But the engine and auto are still running (the car’s reaching 215,000 kms) and the interior cloth and plastics are in excellent shape.

    These are merely the foibles of a high-mileage car that’s over 35 years old. If it had some major weaknesses, they would have shown up ages ago. The original Pioneer radio-cassette deck failed long before the Rover’s own electricals.

    In summary, I’d agree that:

    1. the design process took too long to complete (1971-75);
    2. management in-fighting and turmoil led to (1), loss of Rover men, ascendancy of BL men and bean counters;
    3. labour’s sense of entitlement, couldn’t care less about quality control;
    4. management’s blind eye to quality lapses;
    5. interference from government (you can’t expand your factory here, build one over there instead to solve local unemployment, here’s a big bailout, sorry – no more bailouts, etc.)
    6. external industrial actions of suppliers.

    The legacy of the Rover SD1? In any parking lot today, the SD1 is lower and sleeker than anything else. And with the load-carrying capability of a hatchback, it’s eminently practical. An executive hatchback? You bet!

    So I’d say the SD1 is a great design spoiled by indifferent build for too long after launch.

    Or maybe think of a Ferrari 365 Daytona with 4 less cylinders, 200 less hp, but 2 extra doors. Wouldn’t you have one?

  14. I have been watching the first series of The Professionals and the cars they drove were the products of Rover and Triumph, rather than the better known Capris and Granadas. According to the website, problems with the cars reliability and British Leyland only being willing to loan Mark 1 Productions cars for short periods saw them move over to Ford for the next four seasons.
    However, Rovers do appear quite frequently later on as police cars and the occasional Jaguar and Princess appear in minor roles, so all wasn’t lost for British Leyland. Also their cars seem to have a better fate than Mark 3 Cortinas and FD Vauhxall Victors that were regularly destroyed.

    • Right Glenn… I also read that BL were less flexible in loaning cars for extended periods of filming, so Ford took the opportunity to provide Granada’s and that famous Capri 3.0.

      Triumph 2500’s (Police) and a Rover SD1 appeared in some episodes. I recall seeing a Ventora FD (ex hubcaps) being blown up on one occasion! Bit sad as I liked Ventora’s

      • I’m sure Ford wanted the free product placement and having a new Mark Three 3.0 S Capri in The Professionals helped sales. Seemingly the German built Fords used in the last four series of The Professionals gave very few problems.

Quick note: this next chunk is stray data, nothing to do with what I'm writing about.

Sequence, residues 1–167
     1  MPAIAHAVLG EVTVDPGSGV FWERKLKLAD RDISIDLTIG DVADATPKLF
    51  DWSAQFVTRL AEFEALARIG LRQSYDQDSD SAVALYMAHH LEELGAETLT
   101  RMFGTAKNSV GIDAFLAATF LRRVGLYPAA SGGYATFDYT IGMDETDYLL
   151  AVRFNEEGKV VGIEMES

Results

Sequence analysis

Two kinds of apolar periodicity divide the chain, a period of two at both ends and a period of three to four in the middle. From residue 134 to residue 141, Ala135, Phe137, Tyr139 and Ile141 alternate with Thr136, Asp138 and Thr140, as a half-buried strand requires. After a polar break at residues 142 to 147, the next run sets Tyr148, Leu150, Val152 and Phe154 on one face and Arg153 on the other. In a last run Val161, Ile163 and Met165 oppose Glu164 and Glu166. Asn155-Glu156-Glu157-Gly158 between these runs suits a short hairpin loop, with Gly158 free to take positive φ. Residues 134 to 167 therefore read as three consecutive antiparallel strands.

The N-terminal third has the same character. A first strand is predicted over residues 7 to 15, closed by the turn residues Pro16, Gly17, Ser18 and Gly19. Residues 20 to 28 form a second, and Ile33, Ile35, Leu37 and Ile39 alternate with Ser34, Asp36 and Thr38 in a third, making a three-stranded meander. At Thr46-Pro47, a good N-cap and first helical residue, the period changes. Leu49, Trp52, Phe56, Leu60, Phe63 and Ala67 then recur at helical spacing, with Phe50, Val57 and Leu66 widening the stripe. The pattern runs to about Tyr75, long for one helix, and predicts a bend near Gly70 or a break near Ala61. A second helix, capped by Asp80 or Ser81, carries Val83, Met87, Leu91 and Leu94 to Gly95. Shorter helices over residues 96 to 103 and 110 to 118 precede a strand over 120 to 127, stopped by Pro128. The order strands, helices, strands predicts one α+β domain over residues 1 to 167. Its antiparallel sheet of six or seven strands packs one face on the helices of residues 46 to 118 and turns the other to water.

Also British Leyland provided the vehicles for The New Avengers, which had a shorter run and I’m unsure if they switched to Ford as the cars all seem to be Leyland that they drive. Again reliability issues emerged, Steed was given a Jaguar XJC for the first series that was set up for racing and was totally unsuitable for road use and troublesome and Purdey’s Triumph TR7 was constantly breaking down.

  15. Suppose reliability and quality were Mercedes like from day one, and an estate version introduced after a couple of years, then the Rover SD1 would have destroyed the opposition. Nothing looked as exciting in the executive class at the time, went as well in V8 and 2600 straight six form, offered better value for money, and had such a large boot. I’d imagine a Vitesse estate version, if this was created, would have had plenty of takers.
    We all know the SD1 was flawed and never reached the quality and sales levels of its rivals across Europe, but if it was better built, I reckon companies like Mercedes and BMW would have been panicked.

  16. The SD1 was such a poorly engineered replacement for the wonderful P6. The solid rear axle, drum brakes, bumpy ride, cheap interior and dreadful build quality of the SD1 were an embarrassment to the Rover name. Slick looks (from some angles) can’t disguise its inherent shortcomings. It made even the Triumph 2000 look classy! Think of what could have been with the P8!

    • @ Chris W, I’ll agree with you on the quality issues, but the V8 was on of the best cars to drive in its class and the Vitesse version was considered as good to drive as an Aston Martin. Early cars looked cheap inside with plastic everywhere, but following complaints from traditionalists, wood made a reappearance, and top of the range cars were offered with leather seats again. Just a shame Rover never got the quality totally right.

      • I’m sorry Glenn but a bit of wood and leather can’t cover up the engineering failings. With the exception of the V8 engine, the SD1 had all the quality and innovation of a MKIV Cortina! Rover was going places before it became part of Leyland. Just look at what came out of Solihull before the merger: as well as the P6 and the rights to the Buick V8, the company came up with the prototype P7, P8 and Range Rover. Only the latter survived the axe!

        • @ Chris W, the main problem was the dreadful reliability on the six cylinder cars and poor rust protection. People who were used to Rovers being very reliable and durable cars often had a nasty shock with a Rover 2600. Yet the styling and driving experience in the bigger engined cars was up there with the best.